Fanny Cornforth

William Downey

Dante Gabriel Rossetti

1863 June

Physical Description

Medium: collodion
Dimensions: 15.3 x 13.3 cm
Frame: unframed

Production Description

Production Date: 1863 June
Model: Fanny Cornforth


Current Location: Wilmington Society of Fine Arts, Delaware

Scholarly Commentary


With this arresting photograph DGR began his brief but important collaborative involvement with early photography and photographers. The picture was taken in the summer of 1863, probably in June when Downey came to 16 Cheyne Walk to take various photographs that DGR wanted (see DGR's letters to Brown and George Boyce of 10 and 16 June 1863, Fredeman, Correspondence, 63. 64, 66).

The photograph may have influenced Whistler's celebrated painting Symphony in White No. 2. , which was finished in 1864. Whistler was a frequent visitor at Cheyne Walk during the summer months of 1863. Swinburne's splendid poem “Before a Mirror” was written to illustrate the Whistler picture. The latter, for its part, was inspired in its treatment of the color white by DGR's early experimental canvas Ecce Ancilla Domini! .

Even more than Whistler's painting, this photograph dramatizes the importance of the mirror in Victorian aesthetics. The mirror dramatizes the presence of multiple perspectives, something that DGR pursued with special vigor in his early work, where his study of Italian primitive art laid the groundwork for his lifelong anti-illusionist program. The mirror also blurred the borderline between nature and art, another key move in the symbolist aesthetics of the later nineteenth-century. The new photographic medium called special attention to the idea of the mirror precisely because it was at the time commonly denigrated as a purely reproductive procedure, and (in the minds of many) scarcely “art” at all.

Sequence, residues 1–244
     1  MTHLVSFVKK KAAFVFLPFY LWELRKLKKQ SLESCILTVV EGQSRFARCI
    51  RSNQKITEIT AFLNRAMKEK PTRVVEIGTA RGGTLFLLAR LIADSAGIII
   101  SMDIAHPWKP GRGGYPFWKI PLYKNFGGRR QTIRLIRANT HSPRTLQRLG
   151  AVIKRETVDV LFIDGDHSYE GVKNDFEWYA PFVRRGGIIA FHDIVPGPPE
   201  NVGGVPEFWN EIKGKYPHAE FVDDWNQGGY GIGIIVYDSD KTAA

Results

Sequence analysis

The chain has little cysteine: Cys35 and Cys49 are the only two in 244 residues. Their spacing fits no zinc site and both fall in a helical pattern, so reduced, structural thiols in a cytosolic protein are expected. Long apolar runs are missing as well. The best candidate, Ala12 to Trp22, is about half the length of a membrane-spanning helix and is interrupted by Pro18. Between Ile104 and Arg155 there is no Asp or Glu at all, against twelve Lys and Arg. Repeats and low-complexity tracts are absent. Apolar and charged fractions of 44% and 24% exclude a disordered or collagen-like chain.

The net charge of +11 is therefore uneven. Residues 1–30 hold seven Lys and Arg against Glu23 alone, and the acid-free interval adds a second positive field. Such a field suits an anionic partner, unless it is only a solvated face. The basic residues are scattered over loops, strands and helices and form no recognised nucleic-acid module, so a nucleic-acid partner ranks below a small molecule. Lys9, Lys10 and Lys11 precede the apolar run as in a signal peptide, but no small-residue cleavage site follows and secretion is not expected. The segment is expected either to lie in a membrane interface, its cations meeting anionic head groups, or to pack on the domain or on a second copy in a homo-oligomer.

As the photograph and the Whistler painting show, the nineteenth-century introduced an important variation of the well-established Renaissance convention of the “woman before a mirror”. In the latter, the woman stares directly into the mirror whereas in the nineteenth-century pictures the woman is reflected obliquely. The difference is highly significant, as one sees in the abstracted features that are a hallmark of these pictures. It is likely that the iconograph of the Lady of Shalott, who is obliged to assume an oblique relation to her mirror, may have had an influence of this nineteenth-century visual trope. Holman Hunt was doing studies as early as 1850 for his late oil The Lady of Shalott.

DGR's collaborative photographs—see his extraordinary series of photographs of Jane Morris—demonstrate his active pursuit of this medium as a form of artistic expression. Nearly all of the period's innovative photographers either knew and worked with DGR or greatly admired his work.

Production History

The picture was posed by DGR in his garden at Cheyne Walk in 1863. The photograph was taken by William Downey.


  • Michael Bartram, Pre-Raphaelite Camera, 143-144.
Fanny Cornforth
Copyright: ©Delaware Art Museum, Samuel and Mary R. Bancroft Memorial
Electronic Archive Edition: 1
File Name: sa223.rap.xml